CCCC officials could not be reached for comment.
In June 2010, the state authorized reimbursement of a vendor contract that included a pipe-shipping expense of $495,000. Upon review, the actual shipping cost was $349,000, leading to a $146,000 overpayment, Tubbs said.
The DNRC started reviewing its books as soon as it learned of the federal corruption investigation and worked with an attorney in the state Department of Justice’s Division of Criminal Investigation and with federal investigators, he said.
The T. Consulting invoice was provided to the DNRC by federal officials during the state’s internal investigation, said John Grassy, DNRC spokesman. The DNRC, he said, “did not receive the invoice as part of its authorized role in the project funding.”
In a December 2015 letter to the Authority, Tubbs said the tribe sent to the Authority an invoice dated March 26, 2010, that overstated actual pipe shipping costs by $146,000. The Authority then, in the usual course of business, sent the invoice to the DNRC for reimbursement.
“This overbilling needs to be addressed,” Tubbs told the Authority.
The pipe shipping invoice is part of an ongoing project that Congress authorized in 2002 to deliver potable water from the Tiber Reservoir to both the Rocky Boy’s Reservation and to communities in Chouteau, Hill, Liberty, Pondera, Teton, Glacier and Toole counties.
Construction began in 2006. When it’s finished, a treatment plant near the Tiber Dam will send water through a main, 54-mile pipeline to the reservation and to communities through a smaller pipeline system.
The project is divided into two main components, the Core and non-Core components.
The Core portion is to build a delivery system to the reservation and is funded through the Bureau of Reclamation.
The non-Core component is to provide water to an estimated 28,000 residents in off-reservation north central communities. The Havre-based Authority administers the non-Core system.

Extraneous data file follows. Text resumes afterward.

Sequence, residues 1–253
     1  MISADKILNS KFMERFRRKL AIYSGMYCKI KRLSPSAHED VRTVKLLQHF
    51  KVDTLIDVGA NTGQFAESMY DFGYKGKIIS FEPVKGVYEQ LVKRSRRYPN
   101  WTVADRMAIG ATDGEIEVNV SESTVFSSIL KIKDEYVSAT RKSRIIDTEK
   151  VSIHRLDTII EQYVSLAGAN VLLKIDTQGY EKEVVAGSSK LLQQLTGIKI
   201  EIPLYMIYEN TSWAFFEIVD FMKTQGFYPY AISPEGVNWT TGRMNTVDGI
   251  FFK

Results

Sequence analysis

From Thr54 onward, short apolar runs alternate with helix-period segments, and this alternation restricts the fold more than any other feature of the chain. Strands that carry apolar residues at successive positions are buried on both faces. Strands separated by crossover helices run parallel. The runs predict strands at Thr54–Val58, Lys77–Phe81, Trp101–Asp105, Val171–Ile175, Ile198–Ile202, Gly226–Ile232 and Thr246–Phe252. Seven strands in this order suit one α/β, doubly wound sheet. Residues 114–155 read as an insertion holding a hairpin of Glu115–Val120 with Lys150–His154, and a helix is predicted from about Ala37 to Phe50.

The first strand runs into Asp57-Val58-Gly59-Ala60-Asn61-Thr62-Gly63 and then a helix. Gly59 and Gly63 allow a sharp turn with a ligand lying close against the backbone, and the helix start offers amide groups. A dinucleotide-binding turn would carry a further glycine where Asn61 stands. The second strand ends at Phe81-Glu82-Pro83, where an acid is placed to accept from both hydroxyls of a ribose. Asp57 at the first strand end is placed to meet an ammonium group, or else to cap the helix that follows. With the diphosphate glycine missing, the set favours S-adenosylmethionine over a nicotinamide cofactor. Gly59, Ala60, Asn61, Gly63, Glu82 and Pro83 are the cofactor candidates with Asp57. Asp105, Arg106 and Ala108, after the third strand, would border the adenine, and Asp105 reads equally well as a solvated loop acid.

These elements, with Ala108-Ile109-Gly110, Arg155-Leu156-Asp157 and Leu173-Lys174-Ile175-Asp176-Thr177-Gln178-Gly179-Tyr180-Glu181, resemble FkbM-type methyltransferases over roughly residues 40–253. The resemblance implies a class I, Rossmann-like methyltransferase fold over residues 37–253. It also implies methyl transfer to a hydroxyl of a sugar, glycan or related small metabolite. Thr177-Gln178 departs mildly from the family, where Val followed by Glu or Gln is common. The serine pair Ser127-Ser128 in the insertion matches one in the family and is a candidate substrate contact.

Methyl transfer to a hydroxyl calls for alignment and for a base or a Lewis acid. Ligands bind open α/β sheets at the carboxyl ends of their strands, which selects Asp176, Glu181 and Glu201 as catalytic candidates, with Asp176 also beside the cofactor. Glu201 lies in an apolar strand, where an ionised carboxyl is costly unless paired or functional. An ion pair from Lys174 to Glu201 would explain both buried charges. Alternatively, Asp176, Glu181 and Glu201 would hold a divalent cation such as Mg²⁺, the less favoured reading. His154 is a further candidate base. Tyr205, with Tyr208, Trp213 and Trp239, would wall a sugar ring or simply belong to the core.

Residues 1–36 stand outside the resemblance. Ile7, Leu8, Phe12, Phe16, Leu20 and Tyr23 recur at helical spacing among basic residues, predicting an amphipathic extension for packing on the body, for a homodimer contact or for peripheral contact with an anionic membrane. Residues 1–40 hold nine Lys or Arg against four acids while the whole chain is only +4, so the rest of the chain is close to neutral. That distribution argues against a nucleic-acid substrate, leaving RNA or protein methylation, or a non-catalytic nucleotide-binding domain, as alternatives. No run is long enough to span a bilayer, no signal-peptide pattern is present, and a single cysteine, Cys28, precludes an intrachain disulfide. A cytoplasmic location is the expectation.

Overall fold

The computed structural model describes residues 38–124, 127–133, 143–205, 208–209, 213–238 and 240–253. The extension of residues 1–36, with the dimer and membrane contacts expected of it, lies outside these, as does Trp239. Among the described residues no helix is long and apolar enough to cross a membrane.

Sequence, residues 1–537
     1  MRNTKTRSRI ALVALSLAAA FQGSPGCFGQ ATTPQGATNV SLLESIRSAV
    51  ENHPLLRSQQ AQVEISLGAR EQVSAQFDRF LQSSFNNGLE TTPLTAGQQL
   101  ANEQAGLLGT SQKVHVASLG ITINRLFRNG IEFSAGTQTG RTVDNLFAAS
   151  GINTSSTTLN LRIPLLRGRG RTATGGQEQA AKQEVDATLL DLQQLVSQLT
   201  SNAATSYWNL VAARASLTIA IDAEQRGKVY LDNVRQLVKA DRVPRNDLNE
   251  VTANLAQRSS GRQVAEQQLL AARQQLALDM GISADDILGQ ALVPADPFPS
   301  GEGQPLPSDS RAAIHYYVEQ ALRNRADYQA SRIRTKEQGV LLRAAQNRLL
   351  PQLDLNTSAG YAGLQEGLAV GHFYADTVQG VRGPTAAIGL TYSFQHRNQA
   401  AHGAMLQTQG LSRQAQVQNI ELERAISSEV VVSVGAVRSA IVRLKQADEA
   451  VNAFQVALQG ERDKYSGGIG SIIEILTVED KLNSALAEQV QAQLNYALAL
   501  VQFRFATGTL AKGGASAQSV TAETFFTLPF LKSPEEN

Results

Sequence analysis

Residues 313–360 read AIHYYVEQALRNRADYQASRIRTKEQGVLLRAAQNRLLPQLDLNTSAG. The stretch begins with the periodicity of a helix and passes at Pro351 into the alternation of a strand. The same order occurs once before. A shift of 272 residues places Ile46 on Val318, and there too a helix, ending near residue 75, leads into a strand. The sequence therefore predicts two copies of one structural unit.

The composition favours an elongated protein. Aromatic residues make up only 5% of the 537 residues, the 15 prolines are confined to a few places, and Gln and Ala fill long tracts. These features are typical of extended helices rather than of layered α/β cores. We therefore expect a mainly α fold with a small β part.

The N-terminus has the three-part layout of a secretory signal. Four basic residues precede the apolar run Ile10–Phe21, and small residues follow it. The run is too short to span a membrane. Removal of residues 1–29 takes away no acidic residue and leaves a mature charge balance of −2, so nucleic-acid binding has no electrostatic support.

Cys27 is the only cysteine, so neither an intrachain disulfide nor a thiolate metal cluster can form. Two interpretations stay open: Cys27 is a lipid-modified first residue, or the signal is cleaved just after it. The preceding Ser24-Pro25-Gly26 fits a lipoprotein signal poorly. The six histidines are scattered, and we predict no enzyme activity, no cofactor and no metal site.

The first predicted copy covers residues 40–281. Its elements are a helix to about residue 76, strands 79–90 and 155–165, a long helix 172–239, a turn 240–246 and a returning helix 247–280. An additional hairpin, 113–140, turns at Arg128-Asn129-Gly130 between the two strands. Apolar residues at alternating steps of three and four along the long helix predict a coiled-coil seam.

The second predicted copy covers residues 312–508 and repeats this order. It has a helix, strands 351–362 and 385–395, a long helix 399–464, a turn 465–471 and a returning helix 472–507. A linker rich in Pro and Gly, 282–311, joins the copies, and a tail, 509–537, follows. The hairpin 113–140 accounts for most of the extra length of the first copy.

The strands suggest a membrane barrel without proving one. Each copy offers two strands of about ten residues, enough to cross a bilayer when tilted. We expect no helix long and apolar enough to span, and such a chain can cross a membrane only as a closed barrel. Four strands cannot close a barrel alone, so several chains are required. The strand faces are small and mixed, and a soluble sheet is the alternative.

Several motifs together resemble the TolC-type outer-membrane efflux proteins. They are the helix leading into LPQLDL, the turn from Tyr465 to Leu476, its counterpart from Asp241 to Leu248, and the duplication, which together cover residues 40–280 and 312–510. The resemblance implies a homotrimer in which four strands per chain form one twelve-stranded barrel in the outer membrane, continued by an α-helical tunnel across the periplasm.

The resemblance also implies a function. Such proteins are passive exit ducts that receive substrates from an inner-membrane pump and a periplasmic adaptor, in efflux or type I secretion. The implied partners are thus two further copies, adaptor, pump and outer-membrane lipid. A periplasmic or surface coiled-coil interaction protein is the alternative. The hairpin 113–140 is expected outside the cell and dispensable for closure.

Federal money pays for 80 percent of the non-Core capitals costs, while the remaining 20 percent is split between a grant from the state of Montana and loans obtained by the Authority. The state’s share is funded from the Treasure State Endowment Program Regional Water Fund.
Although the DNRC’s role is in the non-Core component, the state paid the shipping invoice for Core pipeline because some segments of the pipeline ultimately will benefit off-reservation users, Grassy said.
Congress originally estimated the cost of the entire project at $228 million in 2002, but by 2014 that cost had ballooned to an estimated $375 million.
In addition to the federal prosecutions, a 2013 audit by the U.S. Department of Interior’s Office of Inspector General questioned the tribe’s spending of almost $13 million of some $52.7 million it had received from the Bureau of Reclamation from 2006 to 2012 for the water project.
The Interior’s audit was prompted by allegations and an investigation into possible misuse of the money.
Last July, Bureau of Reclamation officials announced they had reached an agreement with the tribe for the tribe to reimburse $3.1 million of the $13 million in questionable costs.
Tyler Johnson, a spokesman for Bureau of Reclamation, said tribal officials contacted the agency after the settlement seeking an alternative to immediate payment.
The agency and the tribe reached a second agreement last December in which the tribe will make payments over 10 years, beginning in October. Annual payments for the first nine years will be $310,000, with the last payment of $305,264 in the 10th year, Johnson said.
The tribe also will pay a small amount of interest totaling $9,804 over the last three years of the repayment plan, he said.
The bureau, Johnson said, agreed to the 10-year repayment plan to avoid having the entire project stopped because a lump sum payment.
The settlement also established new terms and conditions in the parties’ annual funding agreements, changed funding advances to monthly reimbursements and set up a separate joint bank account for withdrawing money approved for reimbursement.
The changes are working and have improved the process “to prevent a reoccurrence of something similar,” Johnson said.